When I finally paid off the last of my student loans two years ago, I wanted to use it as an occasion to begin giving more to charity. I increased donations here and there: helping out friends who were fundraising for ALS or diabetes, making a gift to my alma mater, and volunteering for an organization that combats homelessness through the power of running. But these things felt more like networking, or a way to express my identity, rather than actual do-gooding. And because I had studied about global poverty in graduate school, I couldn’t shake the nagging feeling that my help might be needed more elsewhere.
Then I learned about effective altruism, a movement that seeks to use evidence and reason to do the most good. The idea applied to charity was simple: by taking a scientific approach to selecting causes and organizations, I could save or improve a lot more lives. I began to think carefully and apply a rigorous set of standards to ensure my charitable giving does the most good.
Now I consider the following:
Impact – What is the money used for? How many people would benefit and by how much? If I donate to a charity that works to prevent malaria, I could save a life, but if I donate to my local opera company, I may only help to make a slightly better production.
Program Effectiveness – Am I giving to support the best solution? To improve school attendance, I could donate to provide free uniforms to schoolchildren, but deworming programs have proven fifteen times more effective at achieving the same goal.
Cost-Effectiveness - How much does it cost to implement the program? If two charities work to deworm children but one can do it at just half the cost, I should support that charity – and deworm twice as many children.
Additional Need – Does the charity or program need more support? If it can’t scale rapidly or if a program is already fully funded because it’s so effective (e.g. polio vaccines in developing countries,) I should give to another charity.
Evidence Robustness – Is the evidence for which cause, program, and organization to support strong? I can feel more confident about supporting programs that have trials showing effectiveness, and nonprofits that openly share data on their successes and failures.
I also focus on causes related to global health and poverty. Because these issues are (relatively) large and have been neglected historically, supporting solutions for them means it’s possible to do a tremendous amount of good.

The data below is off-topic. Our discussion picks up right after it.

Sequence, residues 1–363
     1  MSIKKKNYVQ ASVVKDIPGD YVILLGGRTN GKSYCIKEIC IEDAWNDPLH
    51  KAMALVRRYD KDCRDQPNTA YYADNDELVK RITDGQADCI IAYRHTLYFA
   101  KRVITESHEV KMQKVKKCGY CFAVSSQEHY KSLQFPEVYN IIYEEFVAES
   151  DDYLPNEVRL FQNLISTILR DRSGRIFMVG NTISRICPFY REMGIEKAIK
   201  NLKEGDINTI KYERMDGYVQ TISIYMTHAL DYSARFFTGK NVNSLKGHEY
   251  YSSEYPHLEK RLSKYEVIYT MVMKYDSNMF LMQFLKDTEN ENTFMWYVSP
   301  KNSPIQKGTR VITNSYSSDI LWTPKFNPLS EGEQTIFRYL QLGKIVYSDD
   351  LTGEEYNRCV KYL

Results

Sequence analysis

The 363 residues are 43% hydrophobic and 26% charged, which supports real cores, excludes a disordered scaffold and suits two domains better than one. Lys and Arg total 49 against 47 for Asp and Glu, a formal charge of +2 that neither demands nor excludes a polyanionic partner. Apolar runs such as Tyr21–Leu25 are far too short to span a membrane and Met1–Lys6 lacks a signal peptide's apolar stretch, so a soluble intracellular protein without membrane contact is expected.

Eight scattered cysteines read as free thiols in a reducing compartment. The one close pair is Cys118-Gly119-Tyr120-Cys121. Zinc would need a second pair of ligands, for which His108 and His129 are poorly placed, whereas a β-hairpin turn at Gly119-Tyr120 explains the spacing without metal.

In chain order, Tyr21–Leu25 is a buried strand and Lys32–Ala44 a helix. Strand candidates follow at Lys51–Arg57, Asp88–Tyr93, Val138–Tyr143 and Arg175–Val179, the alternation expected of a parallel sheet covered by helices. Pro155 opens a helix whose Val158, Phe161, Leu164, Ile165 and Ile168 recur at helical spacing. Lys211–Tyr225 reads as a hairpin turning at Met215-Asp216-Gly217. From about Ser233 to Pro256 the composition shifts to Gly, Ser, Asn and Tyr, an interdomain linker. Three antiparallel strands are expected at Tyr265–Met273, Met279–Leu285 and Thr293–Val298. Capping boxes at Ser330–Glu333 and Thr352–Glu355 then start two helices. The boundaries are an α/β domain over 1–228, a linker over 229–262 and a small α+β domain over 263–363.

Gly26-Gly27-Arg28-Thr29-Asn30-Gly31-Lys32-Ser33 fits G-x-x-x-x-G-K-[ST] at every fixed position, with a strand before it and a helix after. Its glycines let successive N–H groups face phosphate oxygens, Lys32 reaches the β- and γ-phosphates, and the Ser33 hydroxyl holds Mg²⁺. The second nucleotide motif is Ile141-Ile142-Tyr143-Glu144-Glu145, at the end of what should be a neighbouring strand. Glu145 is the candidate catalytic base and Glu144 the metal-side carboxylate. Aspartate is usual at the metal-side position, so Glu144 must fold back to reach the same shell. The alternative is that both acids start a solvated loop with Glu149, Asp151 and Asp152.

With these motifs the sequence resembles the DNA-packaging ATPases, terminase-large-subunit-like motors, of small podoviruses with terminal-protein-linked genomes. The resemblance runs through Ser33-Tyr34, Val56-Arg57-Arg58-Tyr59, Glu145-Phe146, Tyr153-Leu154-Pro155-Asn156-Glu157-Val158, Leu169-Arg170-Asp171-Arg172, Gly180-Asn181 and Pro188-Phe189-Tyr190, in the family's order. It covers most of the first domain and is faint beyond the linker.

Take diarrhea for example. It kills 760,000 children every year – the equivalent of five jumbo jets crashing to the ground every day. Malaria kills as many as half a million people each year - mostly kids in Africa, but these two diseases are relatively easy to prevent. And while over a billion people live on less than two dollars a day, the good news is that it only costs about $3,400 to save a life in the developing world, because my dollar goes much further overseas.
Finally, I make sure to donate to extremely effective organizations. The difference between charities is big: Some do 1,000 times as much good with their donations as others.
I follow the recommendations of Givewell, an organization that evaluates the cost-effectiveness of other charities, when it comes to the top-performing charities to donate to:
- The Against Malaria Foundation provides insecticide-treated bed nets to prevent malaria in sub-Saharan Africa
- The Schistosomiasis Control Initiative (SCI) and Deworm the World Initiative both support treatment for parasitic worm infections that can cause serious developmental problems, and
- GiveDirectly gives cash to the extreme poor in Uganda and Kenya.
Consider effective giving as a way to find more purpose of your own through philanthropy. What do you think of this approach to charity? How might you incorporate its elements into ways you currently give?
Do you know any other professionals looking to change the world from their desk? If so, please feel free to share this, and have them sign up here.
Huge thanks to our guest blogger
Adrienne works in the digital media space on a bunch of market research and insights projects. She’s a member of the SAIS Mafia, loves running and doing yoga, and isn’t one to waste a good selfie.
Follow her on Twitter, and Instagram, and connect on LinkedIn.